[Ed. Note: Click here for a more comprensive piece on our Core Values & Beliefs.]

Defining Our Core Values

As the Vineyard movement matured, a tension began to develop between preserving the historic DNA that had defined our movement and allowing each congregation to innovate and develop relevant practices within their particular geographic locations or demographics. In 2008, the Vineyard Board, along with then National Director Bert Waggoner, engaged this question by developing a set of core values: central priorities of our movement that might be expressed in different ways but would always be part of what it means to be Vineyard.

The values were introduced by the phrase, “We are a people of the kingdom of God who….”  This introduction is no mere window dressing. It emphasizes both the ordinariness and the extraordinariness of what God has called us to. We are a people first. Not an institution, not a government, not a force, but simply a people. And we are a people of the “Kingdom of God” – our central theological lens through which we understand the teaching of Jesus (Mk. 1:14-15). We are a people seized by something beyond ourselves and turned into something new, something that is transformative to the world around us. Our values draw this reality out.

We Are A People Of The Kingdom Of God Who…

Partner with the Holy Spirit.

We are not simply implementing the best church strategies and trying to accomplish what is humanly possible. Rather, our mission involves praying and finding power from God himself to accomplish what humans could never accomplish on their own. We pray for the sick; we confront injustice; we seek to hear the voice of God on behalf of others. This involves partnership with a Person beyond ourselves.

Experience and worship God.

Worship has always been one of the calling cards of the Vineyard. Many people describe their first moment in the Vineyard as being the moment in which they encountered God through intimate worship singing. Worshipping and experiencing God goes far beyond singing. In every moment of our lives, we seek to live in the presence of the Lord. At the same time, corporate singing is a precious part of what it means for us to be the people of the kingdom.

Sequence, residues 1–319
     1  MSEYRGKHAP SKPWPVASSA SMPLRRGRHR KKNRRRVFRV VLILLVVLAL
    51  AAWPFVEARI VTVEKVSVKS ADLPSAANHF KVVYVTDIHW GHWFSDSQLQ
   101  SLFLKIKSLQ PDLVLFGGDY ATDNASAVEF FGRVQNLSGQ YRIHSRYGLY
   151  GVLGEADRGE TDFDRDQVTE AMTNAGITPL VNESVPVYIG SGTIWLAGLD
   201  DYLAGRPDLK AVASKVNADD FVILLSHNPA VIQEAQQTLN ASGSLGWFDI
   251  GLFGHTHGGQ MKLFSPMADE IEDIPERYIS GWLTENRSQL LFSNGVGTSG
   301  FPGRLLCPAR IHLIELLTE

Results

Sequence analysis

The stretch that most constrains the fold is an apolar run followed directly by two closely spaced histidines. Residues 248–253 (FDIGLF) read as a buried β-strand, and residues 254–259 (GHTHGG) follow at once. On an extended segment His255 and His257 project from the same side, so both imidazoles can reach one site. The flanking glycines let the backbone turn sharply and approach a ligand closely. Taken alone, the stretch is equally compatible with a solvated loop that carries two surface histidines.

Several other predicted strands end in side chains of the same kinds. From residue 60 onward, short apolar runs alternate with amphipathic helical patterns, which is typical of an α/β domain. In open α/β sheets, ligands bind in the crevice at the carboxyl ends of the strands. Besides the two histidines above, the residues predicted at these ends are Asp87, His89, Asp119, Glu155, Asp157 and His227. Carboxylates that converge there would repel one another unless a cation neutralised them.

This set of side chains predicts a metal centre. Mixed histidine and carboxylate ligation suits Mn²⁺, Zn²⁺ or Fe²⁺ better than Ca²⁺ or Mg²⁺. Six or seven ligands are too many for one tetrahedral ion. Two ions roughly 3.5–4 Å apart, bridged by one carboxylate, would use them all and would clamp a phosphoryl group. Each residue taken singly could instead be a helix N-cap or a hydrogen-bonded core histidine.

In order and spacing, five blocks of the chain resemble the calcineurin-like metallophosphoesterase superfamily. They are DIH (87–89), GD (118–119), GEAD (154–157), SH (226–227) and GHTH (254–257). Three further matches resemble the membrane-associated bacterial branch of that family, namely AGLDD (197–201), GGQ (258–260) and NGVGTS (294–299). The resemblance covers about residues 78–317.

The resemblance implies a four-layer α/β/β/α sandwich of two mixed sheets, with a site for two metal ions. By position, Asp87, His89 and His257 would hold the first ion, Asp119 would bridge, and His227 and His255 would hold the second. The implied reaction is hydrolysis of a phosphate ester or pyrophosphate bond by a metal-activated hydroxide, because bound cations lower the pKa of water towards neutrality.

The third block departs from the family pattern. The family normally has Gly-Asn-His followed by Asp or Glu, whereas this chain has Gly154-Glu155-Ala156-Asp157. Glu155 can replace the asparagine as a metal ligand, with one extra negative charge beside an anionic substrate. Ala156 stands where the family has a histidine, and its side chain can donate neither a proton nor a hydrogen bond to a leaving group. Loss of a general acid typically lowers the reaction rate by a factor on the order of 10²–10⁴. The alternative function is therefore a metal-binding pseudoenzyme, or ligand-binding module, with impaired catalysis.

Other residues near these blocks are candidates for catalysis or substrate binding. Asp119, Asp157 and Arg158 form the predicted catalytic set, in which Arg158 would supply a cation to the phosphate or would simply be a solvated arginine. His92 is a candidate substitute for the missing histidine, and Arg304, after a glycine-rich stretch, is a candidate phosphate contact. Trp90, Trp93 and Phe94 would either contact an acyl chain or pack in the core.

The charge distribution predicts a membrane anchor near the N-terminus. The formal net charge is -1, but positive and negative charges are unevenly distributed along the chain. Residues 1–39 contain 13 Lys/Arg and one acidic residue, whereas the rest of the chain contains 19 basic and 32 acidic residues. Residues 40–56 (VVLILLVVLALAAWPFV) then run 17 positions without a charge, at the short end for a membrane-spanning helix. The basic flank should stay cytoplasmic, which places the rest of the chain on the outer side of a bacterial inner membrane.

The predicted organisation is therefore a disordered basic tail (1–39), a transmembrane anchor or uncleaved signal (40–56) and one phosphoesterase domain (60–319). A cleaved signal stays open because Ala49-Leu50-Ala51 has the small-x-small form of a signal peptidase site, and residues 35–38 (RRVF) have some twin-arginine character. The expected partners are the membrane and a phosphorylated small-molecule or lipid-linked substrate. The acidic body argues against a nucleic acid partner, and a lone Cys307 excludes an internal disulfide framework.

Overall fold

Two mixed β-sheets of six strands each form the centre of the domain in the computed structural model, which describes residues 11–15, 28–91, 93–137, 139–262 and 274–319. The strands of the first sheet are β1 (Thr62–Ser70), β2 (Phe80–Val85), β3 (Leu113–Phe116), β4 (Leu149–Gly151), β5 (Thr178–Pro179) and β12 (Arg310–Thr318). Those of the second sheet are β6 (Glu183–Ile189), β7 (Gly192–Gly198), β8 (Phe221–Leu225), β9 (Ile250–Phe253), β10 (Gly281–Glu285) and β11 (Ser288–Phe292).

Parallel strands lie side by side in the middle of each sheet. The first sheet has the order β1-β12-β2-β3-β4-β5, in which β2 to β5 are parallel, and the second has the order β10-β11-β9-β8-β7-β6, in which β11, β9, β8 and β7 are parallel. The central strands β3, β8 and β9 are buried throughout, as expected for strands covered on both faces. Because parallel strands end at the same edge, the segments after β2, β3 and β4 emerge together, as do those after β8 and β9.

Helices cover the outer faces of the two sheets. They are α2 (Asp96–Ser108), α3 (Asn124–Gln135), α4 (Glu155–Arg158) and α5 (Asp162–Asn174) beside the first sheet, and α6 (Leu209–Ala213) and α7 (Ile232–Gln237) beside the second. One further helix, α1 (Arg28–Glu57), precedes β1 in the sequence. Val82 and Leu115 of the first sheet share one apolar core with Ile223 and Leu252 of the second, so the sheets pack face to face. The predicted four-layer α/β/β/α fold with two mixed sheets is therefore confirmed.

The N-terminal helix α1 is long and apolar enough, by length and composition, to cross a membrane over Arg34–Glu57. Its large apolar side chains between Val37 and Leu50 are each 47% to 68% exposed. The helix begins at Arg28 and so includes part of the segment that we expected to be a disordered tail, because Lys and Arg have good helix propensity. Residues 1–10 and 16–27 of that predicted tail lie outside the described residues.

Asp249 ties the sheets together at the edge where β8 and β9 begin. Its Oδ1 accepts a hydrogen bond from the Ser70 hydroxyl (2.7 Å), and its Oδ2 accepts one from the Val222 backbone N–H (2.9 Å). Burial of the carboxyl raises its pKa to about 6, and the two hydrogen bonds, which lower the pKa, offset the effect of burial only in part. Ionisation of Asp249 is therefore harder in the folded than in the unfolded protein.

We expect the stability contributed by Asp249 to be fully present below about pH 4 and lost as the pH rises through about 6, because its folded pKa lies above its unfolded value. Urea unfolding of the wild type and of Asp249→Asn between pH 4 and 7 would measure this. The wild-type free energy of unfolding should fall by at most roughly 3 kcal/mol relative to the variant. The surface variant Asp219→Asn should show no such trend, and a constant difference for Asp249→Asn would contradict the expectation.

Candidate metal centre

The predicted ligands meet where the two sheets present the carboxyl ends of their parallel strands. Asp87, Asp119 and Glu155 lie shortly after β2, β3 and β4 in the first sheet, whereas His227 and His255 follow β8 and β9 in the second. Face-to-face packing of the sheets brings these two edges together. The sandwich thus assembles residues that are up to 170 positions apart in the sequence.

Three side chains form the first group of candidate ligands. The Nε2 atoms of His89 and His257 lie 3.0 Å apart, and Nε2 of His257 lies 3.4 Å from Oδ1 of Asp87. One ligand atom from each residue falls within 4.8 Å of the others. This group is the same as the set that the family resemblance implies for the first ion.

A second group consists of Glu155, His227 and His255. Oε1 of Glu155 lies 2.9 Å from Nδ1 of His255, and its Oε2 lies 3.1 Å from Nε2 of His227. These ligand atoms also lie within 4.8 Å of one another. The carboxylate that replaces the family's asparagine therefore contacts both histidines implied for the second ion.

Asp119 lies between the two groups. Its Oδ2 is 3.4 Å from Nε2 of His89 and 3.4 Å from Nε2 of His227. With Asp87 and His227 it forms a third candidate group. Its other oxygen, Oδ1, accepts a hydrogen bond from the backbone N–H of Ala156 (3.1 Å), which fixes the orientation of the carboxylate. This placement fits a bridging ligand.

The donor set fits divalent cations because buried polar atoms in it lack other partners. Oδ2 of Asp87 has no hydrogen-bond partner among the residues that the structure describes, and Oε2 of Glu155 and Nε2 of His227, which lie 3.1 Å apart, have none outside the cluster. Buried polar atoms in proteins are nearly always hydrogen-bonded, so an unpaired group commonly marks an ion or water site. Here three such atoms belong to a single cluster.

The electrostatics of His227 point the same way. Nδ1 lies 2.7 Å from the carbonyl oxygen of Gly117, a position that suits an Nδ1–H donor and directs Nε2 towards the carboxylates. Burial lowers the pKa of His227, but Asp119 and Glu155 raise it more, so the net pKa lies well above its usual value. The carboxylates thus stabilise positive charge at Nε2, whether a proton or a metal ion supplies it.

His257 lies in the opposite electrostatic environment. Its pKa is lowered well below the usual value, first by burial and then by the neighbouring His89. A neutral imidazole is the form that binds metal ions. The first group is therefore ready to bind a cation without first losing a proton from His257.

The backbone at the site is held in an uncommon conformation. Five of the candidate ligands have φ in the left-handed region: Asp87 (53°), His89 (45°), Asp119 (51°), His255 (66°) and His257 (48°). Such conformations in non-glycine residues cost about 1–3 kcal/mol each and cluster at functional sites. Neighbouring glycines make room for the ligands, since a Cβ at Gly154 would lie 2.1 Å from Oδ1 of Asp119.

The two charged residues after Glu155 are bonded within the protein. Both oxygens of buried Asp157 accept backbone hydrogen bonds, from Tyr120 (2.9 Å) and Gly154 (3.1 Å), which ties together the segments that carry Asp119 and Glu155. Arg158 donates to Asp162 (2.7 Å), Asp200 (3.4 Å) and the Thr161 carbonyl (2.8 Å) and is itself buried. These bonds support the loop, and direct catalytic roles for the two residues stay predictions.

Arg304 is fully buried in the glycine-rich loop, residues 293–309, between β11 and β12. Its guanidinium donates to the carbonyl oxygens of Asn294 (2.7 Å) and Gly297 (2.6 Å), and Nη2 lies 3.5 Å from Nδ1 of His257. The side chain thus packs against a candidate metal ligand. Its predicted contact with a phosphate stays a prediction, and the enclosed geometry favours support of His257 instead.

Reconcile people with God and all creation.

The Bible tells the story of “the Fall.” This was the moment when humans rebelled against God and chose their own way over and against the will of God (Gen. 3:1-24). The result of the fall is isolation and alienation. Self-centered creatures care more for themselves than they care about God, people, and God’s creation. The declaration of the kingdom of God is an act of profound reconciliation: bringing people back to God, into deep relationship with each other, and into a life of caring about God’s creation again.

Engage in compassionate ministry.

There is a profound place in the story of Jesus where a great crowd has gathered to see his ministry, the healings and miracles he did, and the profound wisdom he offered. It says that Jesus looked out at the crowd, he had compassion on them, and he commissioned his disciples to minister to them. Compassion is not about pitying people; rather, it is seeing people in their difficult, complicated life situations and believing that God is able to use his people to minister hope and healing to them.

Pursue culturally relevant mission in the world.

Most people don’t like change. Whether it’s food, sports, music, or clothing, people tend to try to keep things the same. [bctt tweet=”The message of the kingdom was intended by Jesus to extend from culture to culture and from generation to generation.” quote=”But the message of the kingdom was intended by Jesus to extend from culture to culture and from generation to generation.”] This means that while our core values and beliefs do not change, the form in which they are expressed will change, from one country to another and from one decade to the next. The kingdom of God can be expressed through casualness or formality, rock music or hip-hop, big churches or house churches. The key for us is to stay true to the mission of God, and to let God show us how his glory can be expressed in each new context.


Additional Articles in this Series:

1. Introduction: The Vineyard Movement

2. Our History

3. A Family Of Torchbearers

4. Our Core Values

5. Quotes from John Wimber

6. Our Uniqueness

7. Balance

8. Where Are We Going?

9. Everyone Gets To Play

10. God Is Near